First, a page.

Apr. 3rd, 2017

sawyl: (A self portrait)
Having finally managed to get our schedules to synchronise, my parents came down to Devon for an early Easter staycation. They arrived at around midday and we left Exeter to have lunch at the Claycutter's Arms before heading on to Hay Tor for an afternoon of walking.

The tor looking brooding under a cap of dark cloud; a far cry from last time we were here together, when visibility was down to 5-10 metres and we got lost trying to find the tor and ended up in the quary.

Having come prepared for the brutally cold wind, we booted up and put on our cold weather gear and made our way up the hill to the tor itself. My mum brought her trekking pole with her and proceeded to wield it like a staff of doom; on several occasions she made a spirited attempt to impale my whilst shaking her wrist to try and activate the screen on her fitbit...

My parents on their way up the hill from the visitor centre.

When we reached the top of the hill, we discovered a group abseiling down the side of the stones themselves. Then, when we went round the corner, we encountered a group of students in hi-viz vests and hard hats, apparently engaged in sketching the rock face. I was rather amused by their decision to wear construction-style hard hats rather than the climbing helmets that are more common up on the moor.

Bundled up in a down jacket, I braved the weather on the top of the tor to take a few photos. Another group climbed up after me and took a few selfies before heading down in a near-frozen state.

Looking north towards Hound Tor...

We then went on a circuitous walk that took us through Saddle Tor. Here we encountered a group of friendly Dartmoor ponies who, just as with the goats on Kalymnos, seem to have decided that the food provided by visiting humans was infinitely preferable to chomping their way through grass and gorse.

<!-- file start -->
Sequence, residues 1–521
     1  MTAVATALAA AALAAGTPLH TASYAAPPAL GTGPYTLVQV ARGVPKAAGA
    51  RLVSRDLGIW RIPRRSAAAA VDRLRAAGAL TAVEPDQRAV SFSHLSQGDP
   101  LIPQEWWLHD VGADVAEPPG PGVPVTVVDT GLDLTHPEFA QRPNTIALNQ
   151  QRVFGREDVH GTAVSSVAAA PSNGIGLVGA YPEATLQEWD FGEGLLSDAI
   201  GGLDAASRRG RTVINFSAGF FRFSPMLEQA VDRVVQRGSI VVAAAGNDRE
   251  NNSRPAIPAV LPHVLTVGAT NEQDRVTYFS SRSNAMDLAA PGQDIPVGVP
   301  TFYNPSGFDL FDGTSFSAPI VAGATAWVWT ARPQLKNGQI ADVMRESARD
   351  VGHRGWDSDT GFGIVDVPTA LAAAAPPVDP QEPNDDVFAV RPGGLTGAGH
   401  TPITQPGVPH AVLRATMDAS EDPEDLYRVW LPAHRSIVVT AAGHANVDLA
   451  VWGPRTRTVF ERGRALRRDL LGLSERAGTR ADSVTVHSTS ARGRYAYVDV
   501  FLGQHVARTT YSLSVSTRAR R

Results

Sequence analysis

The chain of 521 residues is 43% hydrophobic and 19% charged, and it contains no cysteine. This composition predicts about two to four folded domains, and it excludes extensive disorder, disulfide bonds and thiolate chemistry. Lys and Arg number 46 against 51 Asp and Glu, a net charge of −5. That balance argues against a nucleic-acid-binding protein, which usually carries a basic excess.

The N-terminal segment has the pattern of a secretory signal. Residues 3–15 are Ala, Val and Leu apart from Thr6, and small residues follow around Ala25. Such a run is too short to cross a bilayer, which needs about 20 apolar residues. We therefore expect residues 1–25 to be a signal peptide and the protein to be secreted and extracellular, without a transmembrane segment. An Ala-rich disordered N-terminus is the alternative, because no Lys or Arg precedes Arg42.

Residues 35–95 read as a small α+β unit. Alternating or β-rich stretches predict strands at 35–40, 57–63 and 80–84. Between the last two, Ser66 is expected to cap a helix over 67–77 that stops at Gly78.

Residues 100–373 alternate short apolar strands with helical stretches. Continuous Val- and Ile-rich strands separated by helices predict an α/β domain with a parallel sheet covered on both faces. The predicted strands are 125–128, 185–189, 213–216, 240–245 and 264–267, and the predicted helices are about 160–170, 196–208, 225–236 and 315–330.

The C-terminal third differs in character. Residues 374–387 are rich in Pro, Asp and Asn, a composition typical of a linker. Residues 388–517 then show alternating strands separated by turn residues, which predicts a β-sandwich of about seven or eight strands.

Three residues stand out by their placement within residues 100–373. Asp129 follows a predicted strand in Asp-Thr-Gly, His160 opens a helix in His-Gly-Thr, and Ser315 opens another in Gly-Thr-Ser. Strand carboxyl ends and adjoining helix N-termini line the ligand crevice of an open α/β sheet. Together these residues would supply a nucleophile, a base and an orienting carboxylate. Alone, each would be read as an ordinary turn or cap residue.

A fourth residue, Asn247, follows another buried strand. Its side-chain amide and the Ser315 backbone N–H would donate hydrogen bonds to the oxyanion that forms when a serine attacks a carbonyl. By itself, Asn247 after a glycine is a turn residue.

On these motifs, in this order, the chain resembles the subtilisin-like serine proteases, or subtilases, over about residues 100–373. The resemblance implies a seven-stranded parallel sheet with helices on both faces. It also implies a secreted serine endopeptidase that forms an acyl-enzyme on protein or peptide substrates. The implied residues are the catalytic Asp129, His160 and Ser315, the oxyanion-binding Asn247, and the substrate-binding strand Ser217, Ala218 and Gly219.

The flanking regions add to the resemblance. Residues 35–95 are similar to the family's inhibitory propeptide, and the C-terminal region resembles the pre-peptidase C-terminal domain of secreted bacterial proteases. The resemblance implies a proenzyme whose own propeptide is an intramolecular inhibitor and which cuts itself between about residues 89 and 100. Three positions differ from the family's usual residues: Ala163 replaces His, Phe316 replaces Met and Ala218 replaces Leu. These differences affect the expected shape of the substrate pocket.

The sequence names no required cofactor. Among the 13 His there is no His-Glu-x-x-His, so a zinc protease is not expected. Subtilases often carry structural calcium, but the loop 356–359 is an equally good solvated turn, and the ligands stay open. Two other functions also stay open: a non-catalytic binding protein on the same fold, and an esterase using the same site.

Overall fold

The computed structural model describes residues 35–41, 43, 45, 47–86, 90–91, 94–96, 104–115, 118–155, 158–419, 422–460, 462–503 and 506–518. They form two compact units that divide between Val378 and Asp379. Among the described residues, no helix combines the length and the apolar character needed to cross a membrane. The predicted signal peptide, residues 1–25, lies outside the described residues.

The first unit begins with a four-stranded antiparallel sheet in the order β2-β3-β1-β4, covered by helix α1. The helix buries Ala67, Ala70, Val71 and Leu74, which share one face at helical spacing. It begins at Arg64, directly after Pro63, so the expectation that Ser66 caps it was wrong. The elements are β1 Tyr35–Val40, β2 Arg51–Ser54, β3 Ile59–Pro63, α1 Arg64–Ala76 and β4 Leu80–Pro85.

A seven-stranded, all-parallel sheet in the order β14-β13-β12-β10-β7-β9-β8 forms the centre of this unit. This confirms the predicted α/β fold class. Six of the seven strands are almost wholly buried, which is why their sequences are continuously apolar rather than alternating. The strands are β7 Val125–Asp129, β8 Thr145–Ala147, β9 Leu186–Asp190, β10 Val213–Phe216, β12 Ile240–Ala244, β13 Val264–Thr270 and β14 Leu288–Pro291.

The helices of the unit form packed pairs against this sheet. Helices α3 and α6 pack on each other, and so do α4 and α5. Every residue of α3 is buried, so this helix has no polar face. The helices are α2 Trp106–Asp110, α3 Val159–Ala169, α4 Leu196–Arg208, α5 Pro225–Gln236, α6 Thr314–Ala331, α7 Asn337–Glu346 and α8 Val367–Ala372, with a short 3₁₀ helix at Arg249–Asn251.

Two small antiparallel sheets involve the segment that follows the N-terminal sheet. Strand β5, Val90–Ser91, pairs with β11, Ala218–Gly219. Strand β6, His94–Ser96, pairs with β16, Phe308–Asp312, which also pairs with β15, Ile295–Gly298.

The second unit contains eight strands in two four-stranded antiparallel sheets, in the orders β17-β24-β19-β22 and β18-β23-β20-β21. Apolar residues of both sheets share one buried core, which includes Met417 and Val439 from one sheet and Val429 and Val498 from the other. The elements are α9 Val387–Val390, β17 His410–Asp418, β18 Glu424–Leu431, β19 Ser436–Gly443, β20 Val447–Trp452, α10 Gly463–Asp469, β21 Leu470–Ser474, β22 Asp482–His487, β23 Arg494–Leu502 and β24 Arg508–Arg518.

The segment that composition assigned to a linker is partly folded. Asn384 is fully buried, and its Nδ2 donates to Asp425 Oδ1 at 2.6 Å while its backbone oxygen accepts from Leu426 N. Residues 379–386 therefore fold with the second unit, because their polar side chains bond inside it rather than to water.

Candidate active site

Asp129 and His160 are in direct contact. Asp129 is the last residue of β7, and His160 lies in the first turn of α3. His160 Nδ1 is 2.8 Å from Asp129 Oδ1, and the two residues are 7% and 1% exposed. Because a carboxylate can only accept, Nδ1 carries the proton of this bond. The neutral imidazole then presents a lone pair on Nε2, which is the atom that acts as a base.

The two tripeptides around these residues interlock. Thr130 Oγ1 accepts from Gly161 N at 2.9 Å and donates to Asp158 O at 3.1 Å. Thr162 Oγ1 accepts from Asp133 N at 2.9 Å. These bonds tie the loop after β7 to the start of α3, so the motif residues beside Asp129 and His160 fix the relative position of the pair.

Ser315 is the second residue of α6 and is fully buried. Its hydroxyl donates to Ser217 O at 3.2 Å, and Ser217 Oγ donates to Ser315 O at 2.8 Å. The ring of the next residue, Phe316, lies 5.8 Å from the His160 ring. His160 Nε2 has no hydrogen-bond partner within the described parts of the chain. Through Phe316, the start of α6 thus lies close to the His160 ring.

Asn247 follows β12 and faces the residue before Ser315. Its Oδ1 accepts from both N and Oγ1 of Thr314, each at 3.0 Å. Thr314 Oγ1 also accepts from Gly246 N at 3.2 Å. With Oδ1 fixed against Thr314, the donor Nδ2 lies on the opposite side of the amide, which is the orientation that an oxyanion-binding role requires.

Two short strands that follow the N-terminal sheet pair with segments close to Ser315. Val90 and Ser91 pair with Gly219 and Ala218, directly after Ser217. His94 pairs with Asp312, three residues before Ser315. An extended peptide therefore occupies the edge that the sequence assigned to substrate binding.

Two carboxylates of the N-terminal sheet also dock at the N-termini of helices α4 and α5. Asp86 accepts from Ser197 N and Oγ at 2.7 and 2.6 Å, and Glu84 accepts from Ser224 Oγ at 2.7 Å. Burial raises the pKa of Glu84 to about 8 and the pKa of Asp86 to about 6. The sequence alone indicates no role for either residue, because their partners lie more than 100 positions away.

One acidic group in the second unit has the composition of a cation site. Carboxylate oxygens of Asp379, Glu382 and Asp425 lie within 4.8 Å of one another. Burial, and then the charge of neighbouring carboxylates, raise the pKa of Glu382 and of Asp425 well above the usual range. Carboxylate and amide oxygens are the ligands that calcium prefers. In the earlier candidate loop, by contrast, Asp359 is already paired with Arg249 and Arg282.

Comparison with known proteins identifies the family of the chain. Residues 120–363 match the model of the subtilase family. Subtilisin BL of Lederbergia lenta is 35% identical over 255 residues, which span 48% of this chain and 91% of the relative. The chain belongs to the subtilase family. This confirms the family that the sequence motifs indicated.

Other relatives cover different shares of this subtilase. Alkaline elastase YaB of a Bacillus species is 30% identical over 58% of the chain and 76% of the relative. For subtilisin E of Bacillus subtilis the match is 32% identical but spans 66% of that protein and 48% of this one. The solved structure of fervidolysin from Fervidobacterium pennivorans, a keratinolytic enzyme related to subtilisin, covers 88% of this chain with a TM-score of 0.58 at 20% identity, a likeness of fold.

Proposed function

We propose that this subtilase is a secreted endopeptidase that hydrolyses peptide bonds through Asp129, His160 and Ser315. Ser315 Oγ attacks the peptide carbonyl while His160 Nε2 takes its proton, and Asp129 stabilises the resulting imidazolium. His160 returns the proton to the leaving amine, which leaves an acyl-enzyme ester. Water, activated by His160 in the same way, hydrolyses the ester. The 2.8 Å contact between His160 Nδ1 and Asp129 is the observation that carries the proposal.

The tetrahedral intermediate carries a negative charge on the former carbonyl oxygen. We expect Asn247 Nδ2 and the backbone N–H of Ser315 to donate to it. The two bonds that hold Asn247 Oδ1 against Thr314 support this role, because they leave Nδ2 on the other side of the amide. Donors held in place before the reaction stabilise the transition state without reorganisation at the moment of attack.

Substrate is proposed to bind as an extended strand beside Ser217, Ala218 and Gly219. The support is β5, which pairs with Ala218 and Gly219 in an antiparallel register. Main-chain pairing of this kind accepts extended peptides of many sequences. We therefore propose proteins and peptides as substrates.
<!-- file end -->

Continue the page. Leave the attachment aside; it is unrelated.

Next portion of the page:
The pony hasn't spotted us yet...

My dad, who has a tendency to stride out and break trail in front of the rest of us, often feels the need to telegraph directions to those of us dawdling behind. Here, his inner Prospero seems to be showing:

"And, like the baseless fabric of this vision, the cloud-capp'd towers, the gorgeous palaces, the solemn temples, the great globe itself, yea, all which it inherit, shall dissolve, and, like this insubstantial pageant faded, leave not a rack behind."

Rather than push on to Rippon Tor — further away than it seems, thanks to the hills — we looped back and started making our way down to the car park where we inevitably found ourselves walking into the boggy source of the River Sig. Rather than risk fording it, my mum & retreated back up the hill, while my dad valiantly strode on, ignoring the inconvenience of having to walk through a stream in order to get to the top of the ridge without having to retrace his steps.

On the way down the hill, we saw a curious sight: a gorse bush threaded with cut roses.

After returning to Exeter, my parents settled into their B&B — they stayed at Raffles on Blackall Road, which they heartily recommend — before we met up again and went to the consistently excellent Curry Leaf for supper.

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sawyl

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